The safe way to CrossFit without injuries
As with any sport, there are guidelines to help you stay safe and ensure you reap the benefits of your CrossFit workouts, whether you’re a veteran or just starting out…
Find a good box
Not one to jump on – but a CrossFit gym, which is also known as a ‘box’. Good CrossFit boxes should require newbies to do intro classes, where you’ll learn the foundations, get familiar with perceived exertion, terminology and key movements. This makes transition easier and safer when you are performing in a real class.
You might love the atmosphere and camaraderie of your CrossFit box, but be careful not to confuse a good energy with good coaching, says Marshall. “Your membership should provide a safe environment through a coach who closely monitors your load and technique during every move.” And, whatever you do, never do a CrossFit workout on your own – you should always be supervised.
Develop your skills
“It doesn’t matter how strong you are; if you’re not proficient in Olympic lifts, you can injure yourself,” says Marshall. “Before you start adding weight to your bar, can you move with technical efficiency, coordination and stability? That means knowing where and when to fire, relax and catch at the right points to execute efficiently and without risk of injury.” Good technical know-how comes with practice, so take it slowly and hold out being Little Miss Competitive on the lifts until you’ve scored enough experience. “A good CrossFit coach should watch what weight is good for you and your experience, and shouldn’t be afraid of telling you to strip the bar,” says Marshall.
Think form over PB
To get fitter and stronger quickly and safely, it’s super important to always make sure your technique is spot-on. “When your form is better, your chances of injury decrease. You need to be safe so you can train again this week, next week and beyond,” says Marshall. He suggests that if you’re less experienced, you should push hard on low-skill movements such as burpees, runs and push-ups, where there’s lower risk of injury; and focus on technique rather than a personal best on the lifts.
Know your pain
Get to know the difference between muscle fatigue and pain that indicates joint damage – it’s the key to undertaking CrossFit, as well as other sports, safely. “Training intensely and exposing your body to functional movement when training like an athlete will cause some discomfort, and you may hurt the next day with muscular aches and stiffness, but this is ‘athletic normal’. Your real warning signs are sharp, shooting pains that don’t go away – that’s your indication to stop,” says Cresswell. “Never load weight if a movement is causing pain – this will lead to injury.”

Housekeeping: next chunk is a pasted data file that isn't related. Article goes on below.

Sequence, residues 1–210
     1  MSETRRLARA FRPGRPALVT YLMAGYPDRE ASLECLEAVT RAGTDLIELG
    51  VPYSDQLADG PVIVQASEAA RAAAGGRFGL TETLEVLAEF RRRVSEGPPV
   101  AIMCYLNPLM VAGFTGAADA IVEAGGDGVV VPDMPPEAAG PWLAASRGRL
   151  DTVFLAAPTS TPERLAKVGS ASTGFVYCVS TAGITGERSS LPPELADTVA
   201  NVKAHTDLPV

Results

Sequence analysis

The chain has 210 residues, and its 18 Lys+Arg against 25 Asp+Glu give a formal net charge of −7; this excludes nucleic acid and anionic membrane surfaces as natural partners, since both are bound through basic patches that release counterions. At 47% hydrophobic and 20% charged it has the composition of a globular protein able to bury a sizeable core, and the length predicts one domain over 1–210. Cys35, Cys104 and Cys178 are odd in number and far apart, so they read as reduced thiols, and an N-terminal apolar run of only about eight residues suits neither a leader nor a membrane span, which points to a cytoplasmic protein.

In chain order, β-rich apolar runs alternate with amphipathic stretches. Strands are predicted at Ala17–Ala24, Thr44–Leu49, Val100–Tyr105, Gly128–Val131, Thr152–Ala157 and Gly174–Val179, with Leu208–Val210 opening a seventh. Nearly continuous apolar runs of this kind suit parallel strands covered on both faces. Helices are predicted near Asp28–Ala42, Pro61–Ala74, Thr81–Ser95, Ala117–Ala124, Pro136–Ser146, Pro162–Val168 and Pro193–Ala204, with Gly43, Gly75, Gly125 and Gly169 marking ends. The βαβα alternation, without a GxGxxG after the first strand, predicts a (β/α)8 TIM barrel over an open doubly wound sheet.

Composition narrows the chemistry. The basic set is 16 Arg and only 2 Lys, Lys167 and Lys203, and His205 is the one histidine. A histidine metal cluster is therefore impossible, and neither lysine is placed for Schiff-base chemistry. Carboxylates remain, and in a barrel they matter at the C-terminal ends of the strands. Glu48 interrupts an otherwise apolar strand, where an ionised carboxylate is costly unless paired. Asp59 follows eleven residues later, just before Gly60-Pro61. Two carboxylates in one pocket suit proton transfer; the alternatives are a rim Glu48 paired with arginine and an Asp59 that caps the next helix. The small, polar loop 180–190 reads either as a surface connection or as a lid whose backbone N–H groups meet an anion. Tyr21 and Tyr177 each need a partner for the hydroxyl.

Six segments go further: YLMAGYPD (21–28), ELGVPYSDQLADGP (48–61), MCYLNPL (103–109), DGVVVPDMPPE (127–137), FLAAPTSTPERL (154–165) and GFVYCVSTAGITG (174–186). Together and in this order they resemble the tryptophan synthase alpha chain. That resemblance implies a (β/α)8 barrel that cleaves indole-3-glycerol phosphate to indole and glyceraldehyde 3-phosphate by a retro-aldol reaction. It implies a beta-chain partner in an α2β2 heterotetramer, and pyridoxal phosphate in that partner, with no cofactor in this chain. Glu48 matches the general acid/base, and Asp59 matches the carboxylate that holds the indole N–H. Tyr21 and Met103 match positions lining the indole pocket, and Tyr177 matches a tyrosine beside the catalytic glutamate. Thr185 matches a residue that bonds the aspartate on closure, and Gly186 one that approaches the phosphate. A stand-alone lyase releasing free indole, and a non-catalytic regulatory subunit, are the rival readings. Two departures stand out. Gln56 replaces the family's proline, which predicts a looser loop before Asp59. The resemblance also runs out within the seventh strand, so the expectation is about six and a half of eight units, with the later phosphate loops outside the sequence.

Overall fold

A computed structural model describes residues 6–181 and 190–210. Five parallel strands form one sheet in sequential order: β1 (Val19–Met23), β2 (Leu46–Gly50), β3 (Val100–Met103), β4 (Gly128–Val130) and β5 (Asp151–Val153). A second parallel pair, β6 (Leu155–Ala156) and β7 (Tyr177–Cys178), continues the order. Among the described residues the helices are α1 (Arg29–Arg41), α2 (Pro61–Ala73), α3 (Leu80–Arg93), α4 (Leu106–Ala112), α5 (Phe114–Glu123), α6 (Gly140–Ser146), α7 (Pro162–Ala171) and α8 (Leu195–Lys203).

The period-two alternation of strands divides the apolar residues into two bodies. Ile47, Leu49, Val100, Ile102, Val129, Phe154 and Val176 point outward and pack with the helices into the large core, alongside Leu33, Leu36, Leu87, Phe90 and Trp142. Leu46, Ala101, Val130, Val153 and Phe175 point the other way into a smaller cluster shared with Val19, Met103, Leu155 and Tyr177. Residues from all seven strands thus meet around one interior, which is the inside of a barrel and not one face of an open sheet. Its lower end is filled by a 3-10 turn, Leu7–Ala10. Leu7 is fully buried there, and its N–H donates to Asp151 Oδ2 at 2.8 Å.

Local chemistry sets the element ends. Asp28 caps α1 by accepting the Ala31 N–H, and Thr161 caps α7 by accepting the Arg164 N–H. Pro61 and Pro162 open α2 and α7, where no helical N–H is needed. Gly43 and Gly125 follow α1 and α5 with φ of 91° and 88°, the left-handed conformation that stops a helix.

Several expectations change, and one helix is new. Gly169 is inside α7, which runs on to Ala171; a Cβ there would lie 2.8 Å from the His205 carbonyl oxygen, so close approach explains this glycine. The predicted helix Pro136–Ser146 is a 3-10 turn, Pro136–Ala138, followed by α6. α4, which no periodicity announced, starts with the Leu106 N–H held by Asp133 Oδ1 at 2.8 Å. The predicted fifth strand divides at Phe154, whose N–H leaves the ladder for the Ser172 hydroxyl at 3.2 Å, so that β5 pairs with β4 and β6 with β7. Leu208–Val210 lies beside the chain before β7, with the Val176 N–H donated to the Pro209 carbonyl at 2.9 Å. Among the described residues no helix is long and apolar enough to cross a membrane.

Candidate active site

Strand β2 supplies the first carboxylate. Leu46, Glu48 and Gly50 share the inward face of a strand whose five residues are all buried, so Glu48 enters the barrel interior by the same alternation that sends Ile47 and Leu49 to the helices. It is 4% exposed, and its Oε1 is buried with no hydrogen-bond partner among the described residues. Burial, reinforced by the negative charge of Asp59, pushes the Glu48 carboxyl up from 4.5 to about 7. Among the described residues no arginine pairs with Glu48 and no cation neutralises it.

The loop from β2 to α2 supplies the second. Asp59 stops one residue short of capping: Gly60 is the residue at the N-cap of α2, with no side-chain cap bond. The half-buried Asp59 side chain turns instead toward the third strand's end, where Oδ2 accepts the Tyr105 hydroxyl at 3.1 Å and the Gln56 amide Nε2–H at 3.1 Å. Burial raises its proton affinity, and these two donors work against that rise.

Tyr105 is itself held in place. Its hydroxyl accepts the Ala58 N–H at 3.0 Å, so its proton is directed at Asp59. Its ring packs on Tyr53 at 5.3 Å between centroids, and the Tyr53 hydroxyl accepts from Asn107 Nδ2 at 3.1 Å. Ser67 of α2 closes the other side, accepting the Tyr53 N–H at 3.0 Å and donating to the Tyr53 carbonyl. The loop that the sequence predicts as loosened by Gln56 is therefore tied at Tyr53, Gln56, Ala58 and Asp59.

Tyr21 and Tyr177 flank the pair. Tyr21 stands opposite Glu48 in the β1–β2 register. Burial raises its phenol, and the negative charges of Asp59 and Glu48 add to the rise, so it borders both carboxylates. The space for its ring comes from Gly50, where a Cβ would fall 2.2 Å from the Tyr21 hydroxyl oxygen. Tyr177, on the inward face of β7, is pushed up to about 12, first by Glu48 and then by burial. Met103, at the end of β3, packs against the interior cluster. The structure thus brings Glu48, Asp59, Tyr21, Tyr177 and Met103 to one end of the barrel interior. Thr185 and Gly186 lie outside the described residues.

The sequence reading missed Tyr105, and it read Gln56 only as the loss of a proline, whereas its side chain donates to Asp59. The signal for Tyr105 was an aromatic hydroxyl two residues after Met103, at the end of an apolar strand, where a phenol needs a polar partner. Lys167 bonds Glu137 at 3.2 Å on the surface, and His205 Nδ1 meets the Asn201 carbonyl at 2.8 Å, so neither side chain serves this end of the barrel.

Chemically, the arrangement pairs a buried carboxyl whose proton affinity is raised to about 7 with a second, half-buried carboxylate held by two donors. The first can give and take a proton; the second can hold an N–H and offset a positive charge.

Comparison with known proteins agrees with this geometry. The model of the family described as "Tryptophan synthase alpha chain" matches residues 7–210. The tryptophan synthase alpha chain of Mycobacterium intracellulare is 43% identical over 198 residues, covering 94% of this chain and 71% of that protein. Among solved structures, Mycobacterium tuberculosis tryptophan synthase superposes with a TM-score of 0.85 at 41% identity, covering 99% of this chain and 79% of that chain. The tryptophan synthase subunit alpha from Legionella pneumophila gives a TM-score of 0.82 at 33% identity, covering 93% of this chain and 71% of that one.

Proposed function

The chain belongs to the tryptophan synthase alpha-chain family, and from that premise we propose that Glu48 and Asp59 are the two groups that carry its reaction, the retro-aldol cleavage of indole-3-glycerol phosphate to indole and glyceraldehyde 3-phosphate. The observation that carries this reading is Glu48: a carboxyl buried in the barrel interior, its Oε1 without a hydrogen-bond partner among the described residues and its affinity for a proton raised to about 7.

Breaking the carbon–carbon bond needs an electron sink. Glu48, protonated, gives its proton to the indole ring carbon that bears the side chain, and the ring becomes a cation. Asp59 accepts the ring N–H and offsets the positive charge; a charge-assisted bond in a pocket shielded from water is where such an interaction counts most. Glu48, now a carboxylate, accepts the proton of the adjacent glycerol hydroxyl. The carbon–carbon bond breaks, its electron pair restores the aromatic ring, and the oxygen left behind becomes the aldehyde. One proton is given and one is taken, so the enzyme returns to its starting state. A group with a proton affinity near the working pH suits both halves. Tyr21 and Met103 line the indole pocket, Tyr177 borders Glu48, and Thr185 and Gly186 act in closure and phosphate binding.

Find your training age
Regardless of your past gym experience, if you’ve only been doing CrossFit for a few months, you need to make patience your new BFF. “Fitness is not a destination, it’s an endless journey. The less experience you have, the more time it’ll take to hone your technique and get to grips with a movement pattern and your load capacities,” says Cresswell. Marshall agrees. “Your perceived exertion might have improved over the first eight weeks of CrossFit, but your skills are still playing catch-up. Eventually, you’ll know how to manage a workout, break up the reps and set your pace to finish strongly,” he adds.
Warm up, cool down
Your warm-up should challenge and mimic some of the movements you’ll be performing to prep your body and mind and reduce the chance of injuries. Experts say your warm-up should be built on the RAMP framework. “RAMP warm-up should raise your body temperature, respiration rate, blood flow and heart rate; activate key muscle groups; mobilise joints; and prime with explosive movements to prepare your body to work out,” explains Creswell. Don’t scrimp on the cool-down either. “Stretching major muscles involved in your workout will help you recover and prepare for your next session.”
Listen to your body – recovery rate varies between exercisers and workouts, so give your nervous system and muscles a chance to recuperate before you train again. “Insufficient recovery is the route to injury and diminished performance,” advises Cresswell. “Drink fluids after training and eat a nutrient-rich, unrefined, colourful, wholefoods meal within two hours. Sleep is crucial too – aim for eight hours to support hard training.” Still dipping in energy levels? Speak to a sports nutritionist and have your diet assessed.
Focus on yourself
Studies tells us that social networks can motivate us to exercise more and, sure, this might help you see faster results in CrossFit, but avoid getting caught up with what others are lifting. Instead, scale your weight according to your individual strength, skills and experience. “It’s not what you can lift on the first few reps, but what you can maintain for a workout of, say, three rounds of 12 reps,” says Marshall. “You might be lifting less than the person next to you, but you’ll be challenged in equal ways because it’s relative. That’s the beauty of CrossFit.”
This story appeared in the April 2017 issue of Women’s Fitness.